Globe Telecom obtained authorization to use the name and logo Tonino Lamborghini through an agreement with Primo Mobile, the master franchisor of mobile phone related products for the Italian brand Tonino Lamborghini. PrimoMobileis a Singapore-based company that has a master license agreement with Tonino Lamborghini s.r.l. and is duly authorized to sub-license the use of the Lamborghini logo. The design of the Globe Tattoo Tonino Lamborghini 4G USB sticks was reviewed and approved by Primo Mobile.

Globe tried to brush the accusation off the whole thing as “a misunderstanding”.

But the statement failed to address one aspect of the Tonino Lamborghini: What they termed as “deceitful, unlawful” misrepresentation of the brand due to what they deemed as a willful attempt to connect the Tonino Lamborghini brand with daddy’s old company Automobili Lamborghini.

On its Facebook and Twitter pages, Tonino Lamborghini thoroughly rejected the explanation.

Tonino Lamborghini Group wishes to clarify that Primo Mobile had been granted only a trademark license – neither a master license nor a master franchise – but such trademark license agreement was duly terminated by the licensor, Tonino Lamborghini s.r.l., some months ago. In any case, such trademark license agreement did not authorize Primo Mobile to sub-license the use of the Tonino Lamborghini trademark and logo.

This is quite a royal screw up. The trouble is, it’s not clear who screwed who. Did Tonino Lamborghini screw Primo Mobile? Did Primo Mobile screw Globe? Or was it unaware of all this when the trademark deal was signed?

What will happen now? That’s what everyone wants to know. Everyone also has a theory or two, here are mine:

Theory #1: Heads will roll somewhere. Or there will be furious slapping of wrists. Ether in Singapore, or along Pioneer street.

Theory #2: There will be a lawsuit, or a number of them. Tonino Lamborghini will sue Globe. Globe will sue Primo Mobile. Primo Mobile will sue Tonino Lamborghini.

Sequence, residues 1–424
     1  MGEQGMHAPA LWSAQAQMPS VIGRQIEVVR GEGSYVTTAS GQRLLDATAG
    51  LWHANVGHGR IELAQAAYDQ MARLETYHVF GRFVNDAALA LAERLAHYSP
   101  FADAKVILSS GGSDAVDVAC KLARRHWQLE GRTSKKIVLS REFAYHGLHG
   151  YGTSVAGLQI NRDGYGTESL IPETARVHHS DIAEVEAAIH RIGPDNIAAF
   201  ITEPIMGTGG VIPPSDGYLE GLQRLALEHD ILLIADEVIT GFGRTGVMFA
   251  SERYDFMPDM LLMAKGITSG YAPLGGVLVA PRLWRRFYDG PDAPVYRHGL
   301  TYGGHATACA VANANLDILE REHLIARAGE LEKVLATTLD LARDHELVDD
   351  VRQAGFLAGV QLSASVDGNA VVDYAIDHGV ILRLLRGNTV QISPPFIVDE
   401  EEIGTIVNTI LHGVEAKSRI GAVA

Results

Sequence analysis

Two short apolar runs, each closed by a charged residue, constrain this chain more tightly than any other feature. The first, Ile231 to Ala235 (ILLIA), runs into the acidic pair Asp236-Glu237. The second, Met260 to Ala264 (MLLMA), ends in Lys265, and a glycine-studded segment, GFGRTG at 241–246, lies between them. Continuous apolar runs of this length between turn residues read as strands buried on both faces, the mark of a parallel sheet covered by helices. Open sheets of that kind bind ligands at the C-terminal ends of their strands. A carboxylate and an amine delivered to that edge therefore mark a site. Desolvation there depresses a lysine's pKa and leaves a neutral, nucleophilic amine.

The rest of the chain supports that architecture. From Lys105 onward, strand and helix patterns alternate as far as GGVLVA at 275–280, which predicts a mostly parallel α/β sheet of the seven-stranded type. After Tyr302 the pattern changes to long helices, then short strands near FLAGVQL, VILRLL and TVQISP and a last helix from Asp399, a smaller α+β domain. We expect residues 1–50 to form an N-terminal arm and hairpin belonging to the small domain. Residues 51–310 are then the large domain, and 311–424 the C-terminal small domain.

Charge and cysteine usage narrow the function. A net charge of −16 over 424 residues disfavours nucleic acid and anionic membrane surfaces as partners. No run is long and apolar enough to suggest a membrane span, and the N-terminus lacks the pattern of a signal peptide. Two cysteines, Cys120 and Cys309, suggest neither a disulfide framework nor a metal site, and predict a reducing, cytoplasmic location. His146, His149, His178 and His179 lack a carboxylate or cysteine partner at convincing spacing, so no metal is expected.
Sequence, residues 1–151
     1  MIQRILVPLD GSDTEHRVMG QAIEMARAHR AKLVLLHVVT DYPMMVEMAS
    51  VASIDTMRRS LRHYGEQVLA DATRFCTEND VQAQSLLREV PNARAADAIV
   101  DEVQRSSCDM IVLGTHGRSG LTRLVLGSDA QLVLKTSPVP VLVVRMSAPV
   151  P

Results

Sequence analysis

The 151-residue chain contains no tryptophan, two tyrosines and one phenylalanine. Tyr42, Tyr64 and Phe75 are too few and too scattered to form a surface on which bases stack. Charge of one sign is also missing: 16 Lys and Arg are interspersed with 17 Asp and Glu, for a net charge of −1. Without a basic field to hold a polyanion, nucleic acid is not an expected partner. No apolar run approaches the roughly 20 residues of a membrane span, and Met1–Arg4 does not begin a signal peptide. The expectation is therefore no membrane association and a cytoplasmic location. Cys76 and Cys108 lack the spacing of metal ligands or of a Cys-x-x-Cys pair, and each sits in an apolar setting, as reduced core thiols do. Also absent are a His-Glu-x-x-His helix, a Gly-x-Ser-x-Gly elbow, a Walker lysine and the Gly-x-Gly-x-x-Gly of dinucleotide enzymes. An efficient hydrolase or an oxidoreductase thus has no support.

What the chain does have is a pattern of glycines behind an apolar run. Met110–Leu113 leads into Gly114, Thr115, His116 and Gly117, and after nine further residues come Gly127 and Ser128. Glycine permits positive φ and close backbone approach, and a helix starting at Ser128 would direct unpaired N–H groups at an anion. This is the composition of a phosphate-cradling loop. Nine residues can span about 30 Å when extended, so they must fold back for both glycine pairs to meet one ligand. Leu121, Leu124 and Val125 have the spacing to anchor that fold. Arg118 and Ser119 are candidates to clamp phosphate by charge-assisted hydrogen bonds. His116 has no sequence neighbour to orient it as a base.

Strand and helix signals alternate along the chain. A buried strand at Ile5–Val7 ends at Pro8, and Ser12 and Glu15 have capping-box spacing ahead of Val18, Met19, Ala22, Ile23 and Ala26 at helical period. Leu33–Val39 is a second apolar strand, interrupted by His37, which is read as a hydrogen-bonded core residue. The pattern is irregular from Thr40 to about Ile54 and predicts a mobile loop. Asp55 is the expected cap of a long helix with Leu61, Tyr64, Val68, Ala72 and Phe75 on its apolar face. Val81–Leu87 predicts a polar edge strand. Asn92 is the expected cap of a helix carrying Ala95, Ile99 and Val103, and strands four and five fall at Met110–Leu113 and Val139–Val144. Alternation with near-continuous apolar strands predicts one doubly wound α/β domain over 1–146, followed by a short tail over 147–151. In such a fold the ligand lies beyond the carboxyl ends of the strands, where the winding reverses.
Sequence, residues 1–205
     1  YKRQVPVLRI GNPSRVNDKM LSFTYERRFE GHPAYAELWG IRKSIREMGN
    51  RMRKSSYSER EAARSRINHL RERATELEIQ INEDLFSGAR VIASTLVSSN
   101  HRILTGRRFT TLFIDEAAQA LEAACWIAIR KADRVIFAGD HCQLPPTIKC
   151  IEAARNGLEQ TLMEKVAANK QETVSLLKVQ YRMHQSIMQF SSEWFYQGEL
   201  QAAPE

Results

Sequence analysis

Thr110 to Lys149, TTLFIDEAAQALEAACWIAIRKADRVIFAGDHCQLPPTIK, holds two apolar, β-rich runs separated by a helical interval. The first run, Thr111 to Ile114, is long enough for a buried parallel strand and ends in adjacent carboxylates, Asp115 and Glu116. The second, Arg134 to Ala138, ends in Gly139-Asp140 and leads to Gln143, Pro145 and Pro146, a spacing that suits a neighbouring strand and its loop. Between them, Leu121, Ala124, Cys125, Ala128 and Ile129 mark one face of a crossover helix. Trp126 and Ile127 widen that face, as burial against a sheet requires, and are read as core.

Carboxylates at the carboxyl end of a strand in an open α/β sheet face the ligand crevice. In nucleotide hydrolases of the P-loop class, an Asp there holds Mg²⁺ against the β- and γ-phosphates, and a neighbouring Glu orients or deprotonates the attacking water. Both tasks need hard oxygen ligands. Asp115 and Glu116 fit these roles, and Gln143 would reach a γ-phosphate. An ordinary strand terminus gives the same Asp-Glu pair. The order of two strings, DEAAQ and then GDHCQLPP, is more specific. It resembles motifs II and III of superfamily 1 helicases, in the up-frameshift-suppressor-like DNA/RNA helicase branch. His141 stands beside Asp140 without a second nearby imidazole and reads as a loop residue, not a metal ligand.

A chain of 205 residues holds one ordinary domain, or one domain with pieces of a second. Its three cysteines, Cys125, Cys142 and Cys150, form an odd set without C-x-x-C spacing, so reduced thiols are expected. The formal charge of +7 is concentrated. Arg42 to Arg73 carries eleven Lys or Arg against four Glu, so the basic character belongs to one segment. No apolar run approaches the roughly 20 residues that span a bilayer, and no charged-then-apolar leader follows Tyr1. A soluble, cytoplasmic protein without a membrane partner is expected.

Theory #3: There will be a settlement, and it will be a big one. After all, trademark infringement suits can be more lucrative than licensing deals.

Theory #4: Regardless of how the lawsuits go, the Tonino Lamborghini brand will be withdrawn from the local modem market. The brand has now been tainted. The campaign will be withdrawn and there will be a major brand relaunch.

The logo of Automobili Lamborghini - the car company. The other Lamborghini.

All because the completely wrong Lamborghini was licensed.

In the meantime, comedian Gabe Mercado had a very interesting analysis on the situation, posted on Google+, which neatly summarizes the whole affair:

May gumagawa ng skin whitening lotion. Gusto niya, ma endorse siya ni Ricky Reyes. Para naman bongga di ba?

Pero mas murang magpa-endorse sa Reyes Haircutters. Kaya kumuha siya ng endorsement mula sa Reyes Haircutters sa pamamagitan ng isang advertising at talent promotion agency.

Pero ang nilagay niya sa endorsement niya ay “Skin Whitener na Gandang Reyes.”

Nagalit tuloy ang Reyes Haircutters habang si Mama Ricky naman, wala siyang care.

Very well put.

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3 thoughts on “Will the Real Lamborghini Please Stand Up?

  1. actually, Jim, I thought Globe’s Lambo branding move was lousy to start with. We all know that all broadband services here suck, that all of them come with a fine print (or even not) that service could go down, stall or slow down radically at any time for undefined periods while keeping the service provider free of liability.

    the only surefire way to get relatively consistent service — high download and upload speeds — is to get you exclusive or leased line at the speed you specified — which means you spend at least US$700 a month. and even that is subject to a numbher that lamboer of possible limitations.

    whether that Lambo ad actually titillated the market enough to convince the market to come charging to Globe outlets for the stick is doubtful — in my view anyway — but we’ll never know now that the campaign was unceremoniously halted.